The Scooters of Ko Samet Upon arriving at Ko Samet you will instantly realize that you will need a motorbike or a scooter if you would like to fit in. Not only do the narrow streets and small parking places accommodate this efficient mode of transportation, but the beach atmosphere and laid back Thai lifestyle […]
The Scooters of Ko Samet
Upon arriving at Ko Samet you will instantly realize that you will need a motorbike or a scooter if you would like to fit in. Not only do the narrow streets and small parking places accommodate this efficient mode of transportation, but the beach atmosphere and laid back Thai lifestyle seem to fit right along with the two wheelers. You have probably also noticed already in Thailand that an entire family can fit on one small scooter and even the bumpy pot hole filled streets of this popular tourist destination. The motorized scooters whizzing down the streets will either keep any wondering eyed tourist on their feet or quickly remind them who owns the street. Get in the way of one of these crotch rockets barreling towards you and you will be praying it is not another tourist behind the handle bars. That is, the locals seem to be more than experts behind the wheel, and why wouldn’t they be. Thai kids are literally brought up flying through the streets on the laps of parents, on the handlebars, standing on the front of scooters and with no helmets. No wonder they are expert navigators winding their ways in and out of traffic, dodging tourists without hesitation and sliding into parking spots.
Ko Samet itself is not the quiet beach backpacker town it was once herald as. Prices are inflated, beaches are crowded and streets are packed. But all is not lost. Even though Thailand’s closest island to Bangkok is going through a major growth spurt, fun in the sun can still be had under reasonable circumstances. Staying in one of the growing number of guesthouse a little ways off the beach can be more reasonable in terms of price. Finding a clean place to stay with a hot shower, fan, WIFI, and refrigerator for $17 is not uncommon. You can find all of this off the main street going towards the beach. A recommended place to stay with all of these specifications is Miss Tim’s House, located down the ally across from my recommended place to eat, the Red Ginger which is owned by a Canadian expat. Booking a place online before you go is highly recommended as you might end up paying much more for a place and you also don’t want to be walking the main stretch with your luggage in either the blistering heat or the often heavy rain. Our recommended online booking agent is agoda as they usually have the best prices on rooms and even 50% off some rooms. Using the Agoda website to book rooms online throughout Asia is also recommended as most hotels will have customer reviews and you can pay with paypal which always makes things easier.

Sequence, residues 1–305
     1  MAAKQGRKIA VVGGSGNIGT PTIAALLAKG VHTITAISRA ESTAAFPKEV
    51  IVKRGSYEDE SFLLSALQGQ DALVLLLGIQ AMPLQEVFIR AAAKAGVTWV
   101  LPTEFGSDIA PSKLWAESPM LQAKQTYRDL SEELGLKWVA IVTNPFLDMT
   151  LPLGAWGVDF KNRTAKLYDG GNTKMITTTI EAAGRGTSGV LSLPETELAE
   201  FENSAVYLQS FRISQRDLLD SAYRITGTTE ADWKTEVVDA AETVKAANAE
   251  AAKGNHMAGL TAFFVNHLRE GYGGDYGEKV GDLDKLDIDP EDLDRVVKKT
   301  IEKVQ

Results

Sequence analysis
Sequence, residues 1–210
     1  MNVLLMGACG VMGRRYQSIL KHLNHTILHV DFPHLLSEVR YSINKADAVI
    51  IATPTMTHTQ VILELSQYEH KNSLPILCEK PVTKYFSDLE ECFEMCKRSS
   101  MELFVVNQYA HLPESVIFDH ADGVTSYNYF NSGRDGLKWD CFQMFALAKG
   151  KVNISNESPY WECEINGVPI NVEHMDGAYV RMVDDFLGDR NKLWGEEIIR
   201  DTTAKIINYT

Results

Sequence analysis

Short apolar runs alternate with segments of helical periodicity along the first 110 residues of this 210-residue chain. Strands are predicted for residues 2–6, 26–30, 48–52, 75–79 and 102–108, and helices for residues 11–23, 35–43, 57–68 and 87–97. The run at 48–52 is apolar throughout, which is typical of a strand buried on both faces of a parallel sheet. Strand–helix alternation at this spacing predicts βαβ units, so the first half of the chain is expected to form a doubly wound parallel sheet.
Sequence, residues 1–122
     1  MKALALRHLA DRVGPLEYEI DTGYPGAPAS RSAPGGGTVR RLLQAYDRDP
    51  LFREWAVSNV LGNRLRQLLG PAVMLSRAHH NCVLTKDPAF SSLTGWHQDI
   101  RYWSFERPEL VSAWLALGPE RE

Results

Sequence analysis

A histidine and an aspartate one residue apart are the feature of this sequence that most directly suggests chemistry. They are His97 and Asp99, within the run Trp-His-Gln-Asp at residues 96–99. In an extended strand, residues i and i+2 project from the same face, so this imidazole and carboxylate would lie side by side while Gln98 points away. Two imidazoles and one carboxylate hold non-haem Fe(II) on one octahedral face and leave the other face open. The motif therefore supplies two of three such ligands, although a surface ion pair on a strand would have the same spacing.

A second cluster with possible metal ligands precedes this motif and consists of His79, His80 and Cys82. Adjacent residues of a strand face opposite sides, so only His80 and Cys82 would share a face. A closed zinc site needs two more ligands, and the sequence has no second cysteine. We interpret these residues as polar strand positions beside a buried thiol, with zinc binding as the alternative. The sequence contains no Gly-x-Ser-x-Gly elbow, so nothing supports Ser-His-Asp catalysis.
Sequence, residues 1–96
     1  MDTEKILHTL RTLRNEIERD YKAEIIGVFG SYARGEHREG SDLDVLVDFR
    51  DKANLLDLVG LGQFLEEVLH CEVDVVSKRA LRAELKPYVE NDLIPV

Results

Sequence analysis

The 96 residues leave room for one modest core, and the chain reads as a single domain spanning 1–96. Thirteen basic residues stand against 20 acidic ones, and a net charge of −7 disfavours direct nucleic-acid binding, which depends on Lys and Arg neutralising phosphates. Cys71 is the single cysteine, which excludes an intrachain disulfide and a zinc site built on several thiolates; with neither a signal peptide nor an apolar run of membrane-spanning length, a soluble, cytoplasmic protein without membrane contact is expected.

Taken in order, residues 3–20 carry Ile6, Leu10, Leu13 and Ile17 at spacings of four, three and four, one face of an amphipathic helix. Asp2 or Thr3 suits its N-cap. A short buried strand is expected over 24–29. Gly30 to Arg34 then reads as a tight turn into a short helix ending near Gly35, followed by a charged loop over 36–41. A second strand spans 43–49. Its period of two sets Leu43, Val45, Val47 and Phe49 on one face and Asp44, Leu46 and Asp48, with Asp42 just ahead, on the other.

Even though the beaches in Ko Samet are packed with vacationers mostly from all around Europe and many from Russia, the fine white sand and clear water dazzles. The Russians can definitely provide for some great people watching and beach entertainment with their bleach white skin burning in the sun, awkwardly short or non existent bathing suites, and their abilities to suddenly and shamelessly take beach glam shots of each other.
Getting to Ko Samet can be a little confusing and falling into a tourist trap is almost inevitable. Even a seasoned traveller can be charged a little extra and not even notice it. The best way to not pay the “white person with the tank top on” fee is to take the direct bus to Ban Phe that leaves from the Eastern Bus Terminal in Bangkok. If you leave from the Airport bus terminal you will be left almost 30 kilometers short of Ban Phe and dropped off at a taxi waiting on the side of the road that the bus driver called for you (for a commission). Then the taxi driver will gladly take you to the “ticket booth” to the ferry that charges you double (and he gets another commission – we saw the money transfer while we were handed off). In short, you can pay the “tank-top tax” and have a good vacation and not worry about it or you can save a couple bucks and do it the harder way. Don’t buy a round trip ticket. It is the same price and you will be stuck using only one ferry service if you do.
Nightlife and Eating
Ko Samet has a plethora of restaurants that all pretty much have the same items on their menus. As mentioned before, the Red Ginger restaurant is a good alternative to the others and has a good atmosphere. Going to the beach and sitting at one of the “lay on the beach” style restaurants is highly recommended and your chances of finding veggie and western food options greatly increase. The prices are not as inflated as one might think, and the night lanterns and fire-twirling kids create unparalleled atmosphere. There are also many bar options that line the beach and even a bar with a boxing ring for weekend Muay Thai fights. This bar is located past the large statues down the beach (they are hard to miss).